May 8, 2013 at 2:28 pm #1302707
So–I'll be hiking in either the Wind River Range or Yellowstone this summer. I thought it would be fun to try my hand at some Tenkara fly fishing.
However, I have little knowledge with fishing, and NO knowledge fly fishing. Is this going to be an easy feat to achieve how much skill/practice time/gear do I need to catch a fish?May 8, 2013 at 3:44 pm #1984549
@saparisorLocale: Pacific Northwest
Last winter, I got a Tenkara rod for the holidays. Sadly, it sits forlornly in a corner. I figure it's one of those pieces of gear that I can keep and eventually use, even if not using right now.
Anyway, most everything I read (mostly here, a few tenkara FAQs/blogs) was to start with this book:
I can't say whether it has magically made me a decent fisherman (I have fly-fished before but it's been a while), but it is very accessible and easy to understand. It might be a good place to start. I'm sure others will chime in with more concrete advice.May 9, 2013 at 8:48 am #1984778
I've just bought a used copy on Amazon.com…unfortunately my library did not have a copy..
I have done a little more reading and it seems that yes, Tenkara might be one of the more idiot-proof methods of fishing. Hopefully the book will help set me on the right path.
I'm trying to decide if I want to reach for the TenkaraUSA vs. the TenkaraBum kits or..something else? I'm not really sure what I should be considering when comparing similar rods. Are TenkaraUSA rods worth the money?May 9, 2013 at 9:42 am #1984799
@lotuseaterLocale: Colorado Foothills
I went to a tenkara presentation featuring Daniel Galhardo a couple of months ago, and out of ~80-90 people in the audience, I was only one of four who had never fished before. The overwhelming impression I left with was that I would be at a distinct advantage over the folks who western fly-fish. They have so many habits to unlearn in order to adapt to tenkara. The questions asked by the audience focused on equipment, and disbelief that you could be effective with 'a rod, a line and one fly'. Daniel's message was that in keeping the equipment simple, it eliminates self-imposed variables that get in the way of learning technique. The initial learning curve is shallow, but there's plenty to keep anglers challenged – and rewarded – for years to come.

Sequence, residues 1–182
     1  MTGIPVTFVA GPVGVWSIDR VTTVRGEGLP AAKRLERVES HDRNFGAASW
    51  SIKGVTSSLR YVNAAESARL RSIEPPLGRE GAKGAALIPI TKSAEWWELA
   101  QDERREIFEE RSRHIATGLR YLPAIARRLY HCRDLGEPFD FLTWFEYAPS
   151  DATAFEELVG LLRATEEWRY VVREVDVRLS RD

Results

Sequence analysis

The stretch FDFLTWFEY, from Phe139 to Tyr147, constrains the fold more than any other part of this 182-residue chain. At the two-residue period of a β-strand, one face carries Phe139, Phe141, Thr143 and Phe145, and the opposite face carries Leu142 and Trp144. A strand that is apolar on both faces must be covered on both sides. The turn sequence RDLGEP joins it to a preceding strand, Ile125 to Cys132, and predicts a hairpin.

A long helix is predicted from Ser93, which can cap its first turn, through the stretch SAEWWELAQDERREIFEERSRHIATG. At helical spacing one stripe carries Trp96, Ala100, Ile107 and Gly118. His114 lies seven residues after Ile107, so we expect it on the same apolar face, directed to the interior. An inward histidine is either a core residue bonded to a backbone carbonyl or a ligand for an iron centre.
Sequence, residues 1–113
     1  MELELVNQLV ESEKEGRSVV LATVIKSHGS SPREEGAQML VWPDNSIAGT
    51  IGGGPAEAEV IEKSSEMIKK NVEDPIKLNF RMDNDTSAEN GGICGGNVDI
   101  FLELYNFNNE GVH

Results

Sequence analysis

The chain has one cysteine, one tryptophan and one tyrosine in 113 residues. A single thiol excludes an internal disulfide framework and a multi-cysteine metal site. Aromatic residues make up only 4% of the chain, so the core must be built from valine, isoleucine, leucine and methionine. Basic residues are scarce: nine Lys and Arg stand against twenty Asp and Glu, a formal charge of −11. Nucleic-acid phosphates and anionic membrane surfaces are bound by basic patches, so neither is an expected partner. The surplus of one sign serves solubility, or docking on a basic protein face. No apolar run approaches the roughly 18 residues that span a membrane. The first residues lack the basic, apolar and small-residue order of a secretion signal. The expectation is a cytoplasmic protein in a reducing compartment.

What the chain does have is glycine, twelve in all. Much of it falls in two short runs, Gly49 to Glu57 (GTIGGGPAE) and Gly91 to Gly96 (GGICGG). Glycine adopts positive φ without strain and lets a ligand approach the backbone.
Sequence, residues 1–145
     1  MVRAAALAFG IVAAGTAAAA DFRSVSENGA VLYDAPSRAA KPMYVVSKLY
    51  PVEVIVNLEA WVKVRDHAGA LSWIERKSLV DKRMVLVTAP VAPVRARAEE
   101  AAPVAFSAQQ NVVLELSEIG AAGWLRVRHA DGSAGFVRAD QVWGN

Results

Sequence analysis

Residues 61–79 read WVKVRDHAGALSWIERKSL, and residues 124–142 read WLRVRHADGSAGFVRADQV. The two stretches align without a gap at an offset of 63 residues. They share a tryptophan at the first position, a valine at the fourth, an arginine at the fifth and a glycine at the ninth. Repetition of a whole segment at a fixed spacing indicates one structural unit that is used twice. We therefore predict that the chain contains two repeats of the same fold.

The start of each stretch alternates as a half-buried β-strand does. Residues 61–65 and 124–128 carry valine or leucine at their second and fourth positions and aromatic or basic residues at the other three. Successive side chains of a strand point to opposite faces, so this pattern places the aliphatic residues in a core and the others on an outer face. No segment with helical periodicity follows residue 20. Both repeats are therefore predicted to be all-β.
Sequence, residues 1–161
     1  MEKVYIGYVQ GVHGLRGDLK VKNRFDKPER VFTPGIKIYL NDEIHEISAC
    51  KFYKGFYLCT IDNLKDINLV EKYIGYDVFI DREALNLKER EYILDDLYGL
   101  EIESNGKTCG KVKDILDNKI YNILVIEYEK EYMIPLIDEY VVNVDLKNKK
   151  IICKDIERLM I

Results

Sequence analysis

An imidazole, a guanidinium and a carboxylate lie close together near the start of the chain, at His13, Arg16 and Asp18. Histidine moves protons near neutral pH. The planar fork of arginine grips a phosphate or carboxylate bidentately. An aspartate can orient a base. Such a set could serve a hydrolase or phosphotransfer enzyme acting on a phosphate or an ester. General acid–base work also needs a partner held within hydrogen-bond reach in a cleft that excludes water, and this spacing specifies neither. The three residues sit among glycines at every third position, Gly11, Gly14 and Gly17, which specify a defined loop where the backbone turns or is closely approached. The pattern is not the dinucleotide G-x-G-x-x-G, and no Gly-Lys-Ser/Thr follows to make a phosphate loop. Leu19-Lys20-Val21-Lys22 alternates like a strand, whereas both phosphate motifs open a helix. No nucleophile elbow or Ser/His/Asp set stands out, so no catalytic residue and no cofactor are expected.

I bought the 12' Iwana starter kit. I'm impressed at the quality, but I haven't compared it side by side with any other brands. I like the TUSA rod warranty and return policy. They reduce and/or remove barriers to entry.May 9, 2013 at 11:00 am #1984818
@annapurnaMay 9, 2013 at 11:01 am #1984819
A friend is giving me a Tenkara rod. I'm quite excited, can't wait to try it out! I'll check out the book!May 9, 2013 at 11:12 am #1984822
@thomdarrahLocale: Southern Oregon
"A friend is giving me a Tenkara rod. I'm quite excited…"
Excited about trying tenkara or about having a friend?May 9, 2013 at 11:26 am #1984826
"Excited about trying tenkara or about having a friend?"
Since it's my first time for both, I can't decide…..May 9, 2013 at 2:14 pm #1984858
Good luck with both.May 9, 2013 at 2:31 pm #1984861
Try to not become attached to either, Doug–It's all about catch and release, right?May 9, 2013 at 2:51 pm #1984865
@justin_bakerLocale: Santa Rosa, CA
I'm thinking about getting one for stream fishing. I love the simplicity. I have fished a lot of tiny streams where a rod and reel setup was just awkward.May 9, 2013 at 3:04 pm #1984870
@dangLocale: Pacific Northwet
Man hold stiff tenkara rod in hand find happiness.May 9, 2013 at 3:06 pm #1984871
@dangLocale: Pacific Northwet
Tenkara rod with too much flex no good.
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